A podcast covering the hobby of making your own cheese at home. An effort is made to focus on the food science behind making a tasty, artisan cheese at home that you can proudly share with your friends. See more at joyofcheesemaking.com
Episode 3: Debbie's internship with cheesemakers in Italy
Debbie Driscoll had an amazing cheesemaking experience volunteering at two cheese factories in Italy, and we review her trip during this podcast. She visited Podere Paugnano near the Tuscan city of Radicondoli. In this video Giovanna, co-owner of the cheese plant, shows the different styles of sheep cheese that they produce. By networking while volunteering at her first cheesemaker, she managed to secure a second volunteering position at Caseificio Piandelmedico near the city of Jesi on the west coast of Italy. Here you see their cheesemakers working with and stretching Mozzarella. Debbie researched cheesemakers who accepted volunteers through these two sites: World Wide Opportunities on Organic Farms and Help Exchange. Listen now...
Episode 2: A Practical Introduction to Cheesemaking at Oregon State University
Debbie Driscoll joins the podcast and we go over the notes from the three day class David took at Oregon State University called "A Practical Introduction to Cheesemaking." See detailed notes on the class on the Joy of Cheesemaking blogSee the Flickr stream of pictures David took during the class.University of Guelph's Cheese PageFlyer for the classDr. Lisbeth Goddik at the Department of Food Science.Foster and Dobbs Authentic Foods (Note: There was some problem with the link to the podcast that caused feedburner and iTunes to choke, hopefully this is fixed now) Listen now...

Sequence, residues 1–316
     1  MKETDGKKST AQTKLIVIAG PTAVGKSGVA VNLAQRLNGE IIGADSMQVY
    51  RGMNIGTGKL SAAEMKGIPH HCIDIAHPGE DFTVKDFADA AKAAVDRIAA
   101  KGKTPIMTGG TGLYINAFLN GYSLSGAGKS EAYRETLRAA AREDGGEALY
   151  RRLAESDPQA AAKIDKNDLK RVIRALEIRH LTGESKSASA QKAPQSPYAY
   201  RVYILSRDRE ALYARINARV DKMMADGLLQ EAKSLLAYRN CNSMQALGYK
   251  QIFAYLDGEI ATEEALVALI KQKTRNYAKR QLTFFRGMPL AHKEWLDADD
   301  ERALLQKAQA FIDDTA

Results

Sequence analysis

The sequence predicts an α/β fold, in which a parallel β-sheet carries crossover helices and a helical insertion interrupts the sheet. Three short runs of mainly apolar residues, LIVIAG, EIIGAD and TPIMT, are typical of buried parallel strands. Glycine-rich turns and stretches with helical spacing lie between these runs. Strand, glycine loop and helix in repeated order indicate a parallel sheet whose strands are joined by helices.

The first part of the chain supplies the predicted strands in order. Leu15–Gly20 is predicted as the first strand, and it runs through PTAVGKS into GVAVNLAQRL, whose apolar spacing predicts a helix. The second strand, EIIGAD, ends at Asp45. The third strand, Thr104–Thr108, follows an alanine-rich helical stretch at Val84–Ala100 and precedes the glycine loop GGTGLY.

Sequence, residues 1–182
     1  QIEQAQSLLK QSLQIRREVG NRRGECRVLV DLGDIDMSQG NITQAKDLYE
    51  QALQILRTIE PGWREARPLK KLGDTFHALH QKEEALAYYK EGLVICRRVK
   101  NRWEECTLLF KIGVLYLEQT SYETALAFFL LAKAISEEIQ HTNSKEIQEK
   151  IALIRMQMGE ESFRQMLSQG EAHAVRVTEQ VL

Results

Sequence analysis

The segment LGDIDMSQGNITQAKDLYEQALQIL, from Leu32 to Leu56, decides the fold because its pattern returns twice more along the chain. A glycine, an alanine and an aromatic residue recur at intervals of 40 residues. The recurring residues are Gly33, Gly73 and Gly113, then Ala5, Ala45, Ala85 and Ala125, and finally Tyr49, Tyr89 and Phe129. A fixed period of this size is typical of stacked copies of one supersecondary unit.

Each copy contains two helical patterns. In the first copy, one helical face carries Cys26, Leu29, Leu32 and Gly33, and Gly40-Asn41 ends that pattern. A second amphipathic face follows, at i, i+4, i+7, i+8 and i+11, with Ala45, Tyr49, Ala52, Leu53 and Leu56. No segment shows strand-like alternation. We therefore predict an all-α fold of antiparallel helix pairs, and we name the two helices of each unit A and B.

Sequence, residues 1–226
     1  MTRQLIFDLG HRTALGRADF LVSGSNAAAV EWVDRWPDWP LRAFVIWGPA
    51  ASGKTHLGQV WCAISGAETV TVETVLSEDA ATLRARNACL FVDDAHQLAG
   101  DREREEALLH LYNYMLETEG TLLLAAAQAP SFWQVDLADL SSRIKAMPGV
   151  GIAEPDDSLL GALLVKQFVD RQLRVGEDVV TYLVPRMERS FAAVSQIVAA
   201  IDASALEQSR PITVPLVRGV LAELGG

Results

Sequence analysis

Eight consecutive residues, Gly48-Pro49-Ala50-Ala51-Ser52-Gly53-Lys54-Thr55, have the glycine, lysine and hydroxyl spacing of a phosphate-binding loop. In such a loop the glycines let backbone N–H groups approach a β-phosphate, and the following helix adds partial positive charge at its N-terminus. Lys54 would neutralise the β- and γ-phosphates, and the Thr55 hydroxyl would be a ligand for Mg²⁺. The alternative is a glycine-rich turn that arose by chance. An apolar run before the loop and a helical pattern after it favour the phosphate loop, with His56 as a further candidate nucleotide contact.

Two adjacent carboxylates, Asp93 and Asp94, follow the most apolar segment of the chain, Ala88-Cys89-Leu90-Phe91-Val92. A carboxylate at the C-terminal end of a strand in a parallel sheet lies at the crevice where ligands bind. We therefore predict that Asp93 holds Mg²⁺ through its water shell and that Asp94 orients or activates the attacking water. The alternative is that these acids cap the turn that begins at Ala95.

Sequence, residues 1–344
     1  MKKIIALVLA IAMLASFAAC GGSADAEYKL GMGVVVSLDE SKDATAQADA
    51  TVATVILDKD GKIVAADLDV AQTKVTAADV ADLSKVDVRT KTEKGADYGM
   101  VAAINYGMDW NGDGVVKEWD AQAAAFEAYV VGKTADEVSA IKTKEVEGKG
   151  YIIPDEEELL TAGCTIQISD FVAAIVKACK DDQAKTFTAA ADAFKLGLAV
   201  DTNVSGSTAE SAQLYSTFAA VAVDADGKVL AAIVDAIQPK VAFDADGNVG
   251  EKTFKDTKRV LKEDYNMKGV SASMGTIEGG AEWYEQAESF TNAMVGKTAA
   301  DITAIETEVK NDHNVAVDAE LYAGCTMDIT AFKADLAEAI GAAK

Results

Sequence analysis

Episode 1: Making Muenster
In our first podcast we prove we are real cheesemakers and make a cheese during the podcast. Jeff Cowan joins and helps me make a Muenster styled cheese. We also cover the basics of what it takes to make cheese, and what equipment you need if you are starting out at home. Credit goes to DeejayDebi on the cheeseformum.org forum for posting the recipe we used for this podcast. I used her recipe because it looked simple and from her post it looked like a recipe that she has used more than once. Find her post with the recipe here. Links mentioned on the show: The site www.realmilk.com lists sources of raw milk all over the USA, and other countires. I used them to track down the raw milk I used to make the cheese in this podcast (which came from Old School Farm, in Redland, OR.)I use thecheesemaker.com to order my cheesemaking supplies.Here is the wikipedia entry on b. linens, which we talk about in the show.Email us at email@example.com with feedback and questions for future shows. Listen now...
Not so great.
Audio quality isn't very good, there are kids crying on the background, and the author has been doing this for nine months as he states at the beginning of the podcast, therefore facts are sketchy. A for effort, but that's about all.